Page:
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Notes From the Field

They were bright.  They were curious and attentive.  Some described themselves as “very shy.”  Others said they were “very confident.”   All were part of a special group of twenty Umkhumbane Schools Project (“USP”) girls who attended a Girls of Tomorrow/Girls In Science workshop at the University of KwaZulu-Natal’s Science and Technology Education Centre (“STEC”) during our recent April holidays, as part of a special partnership among the USP, STEC, and Peace Corps South Africa.

For three days in April, this group of Grade 9 girls  --  all of whom attend schools where science labs are rooms with tables and chairs but no equipment, nor running water, nor, often, electricity  --  watched exciting science shows, learned how to do scientific demonstrations that they could then present to an audience of their classmates and teachers, and talked about the many challenges facing girls in South Africa in their pursuit of a dream of higher education.  A tour of the STEC exhibits revealed the wonder of fossils and rocks, microscopes, and robotics.  A “real” Periodic Table displayed samples of the elements in glass cases.  And a wave tank showed them the physics of devastating tsunamis.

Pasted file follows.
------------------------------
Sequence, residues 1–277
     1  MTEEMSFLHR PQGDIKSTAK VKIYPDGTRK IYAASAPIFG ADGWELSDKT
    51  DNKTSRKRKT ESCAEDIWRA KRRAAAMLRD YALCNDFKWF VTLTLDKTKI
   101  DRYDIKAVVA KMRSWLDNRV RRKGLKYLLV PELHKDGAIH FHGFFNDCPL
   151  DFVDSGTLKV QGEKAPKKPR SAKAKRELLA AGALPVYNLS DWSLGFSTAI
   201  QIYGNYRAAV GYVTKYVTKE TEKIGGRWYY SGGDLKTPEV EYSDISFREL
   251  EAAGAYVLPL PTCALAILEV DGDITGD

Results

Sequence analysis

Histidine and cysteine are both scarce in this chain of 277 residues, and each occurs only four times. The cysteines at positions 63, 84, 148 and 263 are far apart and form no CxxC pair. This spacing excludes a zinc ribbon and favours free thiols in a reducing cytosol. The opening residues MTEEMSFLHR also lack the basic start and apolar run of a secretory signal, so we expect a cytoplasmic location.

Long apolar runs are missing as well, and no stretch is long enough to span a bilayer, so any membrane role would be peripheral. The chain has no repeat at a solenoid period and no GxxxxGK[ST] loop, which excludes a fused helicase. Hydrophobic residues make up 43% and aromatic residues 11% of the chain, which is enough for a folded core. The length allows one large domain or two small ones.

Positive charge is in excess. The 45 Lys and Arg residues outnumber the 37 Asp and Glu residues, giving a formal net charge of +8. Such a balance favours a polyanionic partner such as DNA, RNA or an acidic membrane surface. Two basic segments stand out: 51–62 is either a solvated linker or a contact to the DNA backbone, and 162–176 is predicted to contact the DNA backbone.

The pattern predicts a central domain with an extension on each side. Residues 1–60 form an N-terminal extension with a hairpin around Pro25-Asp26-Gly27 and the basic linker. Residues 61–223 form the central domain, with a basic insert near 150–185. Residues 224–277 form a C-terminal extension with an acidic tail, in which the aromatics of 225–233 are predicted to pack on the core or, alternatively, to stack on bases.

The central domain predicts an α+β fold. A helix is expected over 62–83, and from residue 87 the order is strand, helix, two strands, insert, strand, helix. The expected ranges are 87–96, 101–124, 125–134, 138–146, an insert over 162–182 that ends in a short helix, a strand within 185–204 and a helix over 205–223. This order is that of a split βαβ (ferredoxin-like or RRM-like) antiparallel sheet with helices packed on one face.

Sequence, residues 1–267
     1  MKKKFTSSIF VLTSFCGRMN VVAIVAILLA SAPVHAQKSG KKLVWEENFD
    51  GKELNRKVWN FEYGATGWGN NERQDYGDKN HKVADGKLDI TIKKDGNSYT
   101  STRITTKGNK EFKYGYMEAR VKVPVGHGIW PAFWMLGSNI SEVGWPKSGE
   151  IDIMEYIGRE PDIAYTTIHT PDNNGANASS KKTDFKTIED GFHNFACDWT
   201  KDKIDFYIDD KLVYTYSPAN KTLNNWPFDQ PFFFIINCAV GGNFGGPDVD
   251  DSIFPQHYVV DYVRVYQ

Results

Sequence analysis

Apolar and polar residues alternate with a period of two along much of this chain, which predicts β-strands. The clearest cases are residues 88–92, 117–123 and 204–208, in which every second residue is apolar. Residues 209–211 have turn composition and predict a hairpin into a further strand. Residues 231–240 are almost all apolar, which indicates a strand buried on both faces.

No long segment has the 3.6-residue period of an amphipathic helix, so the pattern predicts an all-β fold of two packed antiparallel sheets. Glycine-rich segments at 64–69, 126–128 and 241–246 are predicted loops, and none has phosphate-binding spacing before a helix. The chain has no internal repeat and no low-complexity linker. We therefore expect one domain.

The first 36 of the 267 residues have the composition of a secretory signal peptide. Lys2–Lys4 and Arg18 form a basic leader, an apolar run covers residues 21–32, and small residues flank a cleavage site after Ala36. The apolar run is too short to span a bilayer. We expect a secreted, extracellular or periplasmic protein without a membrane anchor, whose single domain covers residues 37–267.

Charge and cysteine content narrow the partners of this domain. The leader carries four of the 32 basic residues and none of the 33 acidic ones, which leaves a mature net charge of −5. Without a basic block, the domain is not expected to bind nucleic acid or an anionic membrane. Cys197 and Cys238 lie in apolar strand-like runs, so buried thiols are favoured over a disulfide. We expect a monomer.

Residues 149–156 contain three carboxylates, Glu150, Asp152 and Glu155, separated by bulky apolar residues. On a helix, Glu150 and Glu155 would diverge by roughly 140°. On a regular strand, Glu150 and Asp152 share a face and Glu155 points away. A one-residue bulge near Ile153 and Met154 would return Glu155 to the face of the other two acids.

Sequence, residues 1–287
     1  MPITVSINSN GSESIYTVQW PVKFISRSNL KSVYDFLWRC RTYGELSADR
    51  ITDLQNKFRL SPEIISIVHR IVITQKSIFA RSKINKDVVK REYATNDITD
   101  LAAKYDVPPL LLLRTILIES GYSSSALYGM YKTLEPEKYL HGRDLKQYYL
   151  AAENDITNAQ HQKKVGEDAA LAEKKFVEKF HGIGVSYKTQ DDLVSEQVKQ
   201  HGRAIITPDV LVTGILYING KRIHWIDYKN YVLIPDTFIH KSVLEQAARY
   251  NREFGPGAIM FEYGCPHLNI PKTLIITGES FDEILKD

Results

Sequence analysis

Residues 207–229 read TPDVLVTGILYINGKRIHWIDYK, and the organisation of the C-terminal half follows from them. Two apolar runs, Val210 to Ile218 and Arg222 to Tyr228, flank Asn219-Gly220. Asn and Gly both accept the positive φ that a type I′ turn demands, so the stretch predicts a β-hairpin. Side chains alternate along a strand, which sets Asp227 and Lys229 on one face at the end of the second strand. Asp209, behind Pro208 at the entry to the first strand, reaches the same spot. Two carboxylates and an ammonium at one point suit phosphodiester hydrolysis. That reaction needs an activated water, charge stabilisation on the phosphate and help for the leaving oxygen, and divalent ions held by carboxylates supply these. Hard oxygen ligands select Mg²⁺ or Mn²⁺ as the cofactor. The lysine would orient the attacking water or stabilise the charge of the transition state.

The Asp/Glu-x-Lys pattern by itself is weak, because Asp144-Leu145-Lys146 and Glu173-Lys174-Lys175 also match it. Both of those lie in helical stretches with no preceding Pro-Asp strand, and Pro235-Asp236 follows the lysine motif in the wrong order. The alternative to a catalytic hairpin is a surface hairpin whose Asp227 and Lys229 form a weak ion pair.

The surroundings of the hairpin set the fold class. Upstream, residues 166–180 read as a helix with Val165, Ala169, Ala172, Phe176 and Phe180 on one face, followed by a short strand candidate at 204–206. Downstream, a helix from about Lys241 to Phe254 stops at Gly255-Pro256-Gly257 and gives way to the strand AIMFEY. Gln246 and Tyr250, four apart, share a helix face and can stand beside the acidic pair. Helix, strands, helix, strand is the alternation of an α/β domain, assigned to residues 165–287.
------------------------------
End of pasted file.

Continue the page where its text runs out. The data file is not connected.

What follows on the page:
According to the 2013 UNESCO Education for All Global Monitoring Report, educating girls improves child nutrition, decreases the frequency of deaths in childbirth, closes gender income gaps, and yields dignificant delays the timing of first pregnancies.  60% fewer girls in Sub-Saharan Africa would become pregnant under the age of 17 if they completed secondary school.   Even in a country such as South Africa, where a progressive Constitution upholds the ideal of gender equality, the combined forces of poverty, deeply entrenched patriarchy, the legacies of apartheid, and the effects of the HIV and TB epidemics create daunting obstacles to education for girls.  

One of the most significant features of the Girsl of Tomorrow/Girls in Science workshop was a panel of role-model mentors comprised of young women who are currently pursuing degrees and careers in STEM-related fields.   Through their interaction with these inspiring young women, our girls found a comfortable space to ask questions about the challenges they face.  Many of them cited these discussions as their favorite part of the workshop, saying that they especially loved when the young women “told their stories” or “told about their lives and how they came from where they were and got to be scientists.”  One of the role-model panelists also noted this interaction with our young girls to be a “very moving experience” for her, as well, as it gave her an opportunity to inspire a group of young people while reflecting on just how far she has traveled on her own life’s journey.

We are grateful for the partnerships that make it possible for us to provide this kind of programming to the inspiring young people of Umkhumbane/Cato Manor.  For three days in April, it was the girls’ turn to dream.  One day in the future, it will be their turn to lead.


Martha Fitzpatrick Bishai

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